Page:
Jun 25, 2014
Some of the most beautiful scenery in the United States is found throughout Upstate New York and northward to the St. Lawrence Seaway into Canada. Two pilgrimage shrines are located in this region.
The bucolic hamlets of Auriesville, New York and Midland, Ontario celebrate the lives of the North American Martyrs, six French Jesuit priests and two assistants or donnés. There they ministered to the Iroquois confederacy of five nation-tribes. With the growing number of Indian converts, came a wave of persecution in the 1840s against the missionaries. At various times, from 1642-1649, they were brutally tortured, having been accused of being witch doctors. Most of them fell under the tomahawk. Pilgrims to Auriesville and Midland walk on sacred ground.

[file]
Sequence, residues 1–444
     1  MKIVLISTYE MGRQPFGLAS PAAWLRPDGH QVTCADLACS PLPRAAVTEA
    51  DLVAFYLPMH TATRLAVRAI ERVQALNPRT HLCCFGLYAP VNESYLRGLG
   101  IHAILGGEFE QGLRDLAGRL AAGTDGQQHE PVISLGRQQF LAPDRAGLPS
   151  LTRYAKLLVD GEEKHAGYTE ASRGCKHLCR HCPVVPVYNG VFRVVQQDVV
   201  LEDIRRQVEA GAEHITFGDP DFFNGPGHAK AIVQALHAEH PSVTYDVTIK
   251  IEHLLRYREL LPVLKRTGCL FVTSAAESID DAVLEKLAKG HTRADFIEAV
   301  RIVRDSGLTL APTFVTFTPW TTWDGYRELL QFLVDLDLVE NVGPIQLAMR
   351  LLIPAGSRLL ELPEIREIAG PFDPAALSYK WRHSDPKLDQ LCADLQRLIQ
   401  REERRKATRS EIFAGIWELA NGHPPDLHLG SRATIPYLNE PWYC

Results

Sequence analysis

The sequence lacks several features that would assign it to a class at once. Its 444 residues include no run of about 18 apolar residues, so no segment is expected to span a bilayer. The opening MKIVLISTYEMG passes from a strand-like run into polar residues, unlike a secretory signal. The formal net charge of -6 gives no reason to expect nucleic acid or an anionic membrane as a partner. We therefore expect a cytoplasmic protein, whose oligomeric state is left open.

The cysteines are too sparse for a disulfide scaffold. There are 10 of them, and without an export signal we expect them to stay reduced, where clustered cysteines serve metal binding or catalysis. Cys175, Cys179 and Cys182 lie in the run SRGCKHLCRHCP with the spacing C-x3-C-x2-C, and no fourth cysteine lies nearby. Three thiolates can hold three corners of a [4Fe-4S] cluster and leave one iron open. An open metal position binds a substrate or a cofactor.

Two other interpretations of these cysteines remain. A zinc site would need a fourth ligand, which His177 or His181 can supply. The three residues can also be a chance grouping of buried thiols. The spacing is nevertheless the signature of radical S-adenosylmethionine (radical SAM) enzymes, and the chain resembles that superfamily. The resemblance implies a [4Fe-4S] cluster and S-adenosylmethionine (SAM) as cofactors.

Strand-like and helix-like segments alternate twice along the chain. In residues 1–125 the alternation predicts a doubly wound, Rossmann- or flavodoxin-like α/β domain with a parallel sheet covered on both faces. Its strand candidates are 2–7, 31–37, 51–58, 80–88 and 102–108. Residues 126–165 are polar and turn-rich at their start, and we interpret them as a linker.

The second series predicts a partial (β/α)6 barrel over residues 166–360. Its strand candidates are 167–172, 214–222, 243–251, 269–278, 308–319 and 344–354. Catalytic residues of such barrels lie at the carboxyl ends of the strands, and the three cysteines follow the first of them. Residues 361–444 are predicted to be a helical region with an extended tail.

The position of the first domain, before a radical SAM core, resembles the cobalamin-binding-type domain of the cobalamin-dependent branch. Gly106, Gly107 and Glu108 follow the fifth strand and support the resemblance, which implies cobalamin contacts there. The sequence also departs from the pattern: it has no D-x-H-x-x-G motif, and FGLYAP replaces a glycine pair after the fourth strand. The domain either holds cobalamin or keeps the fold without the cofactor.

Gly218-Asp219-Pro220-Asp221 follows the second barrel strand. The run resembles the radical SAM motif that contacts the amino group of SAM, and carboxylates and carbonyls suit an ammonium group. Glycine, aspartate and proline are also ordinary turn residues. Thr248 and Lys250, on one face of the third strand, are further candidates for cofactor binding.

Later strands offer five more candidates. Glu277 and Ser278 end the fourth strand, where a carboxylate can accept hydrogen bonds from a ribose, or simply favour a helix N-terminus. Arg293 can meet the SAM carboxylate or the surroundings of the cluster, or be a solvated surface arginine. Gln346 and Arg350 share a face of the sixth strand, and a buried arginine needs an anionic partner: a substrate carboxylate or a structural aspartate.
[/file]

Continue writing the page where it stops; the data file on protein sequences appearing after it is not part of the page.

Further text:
Who Were These French Jesuit Missionaries?
The first group of missionaries included Father Isaac Jogues, and two donnés, René Goupil and John Lalande. Due to deafness, Goupil could not be ordained a Jesuit but was trained as a doctor and surgeon. After years of ministering to the Indians along the St. Lawrence River, Jogues and Goupil were captured. Goupil was the first of the eight to be martyred—tomahawked. For thirteen months, Jogues was brutally tortured and enslaved—his fingers, mangled. His escape to France brought on a desire to return to his mission. John de Lalande, the nineteen-year old donné, accompanied Jogues back to the Mohawk Mission in New York. With papal approval, Jogues celebrated Mass even with stubs as fingers. When he was again tortured, this time he succumbed. The date was Oct. 18, 1646. Lalande himself was killed the next day. Pilgrims to Auriesville walk on sacred ground.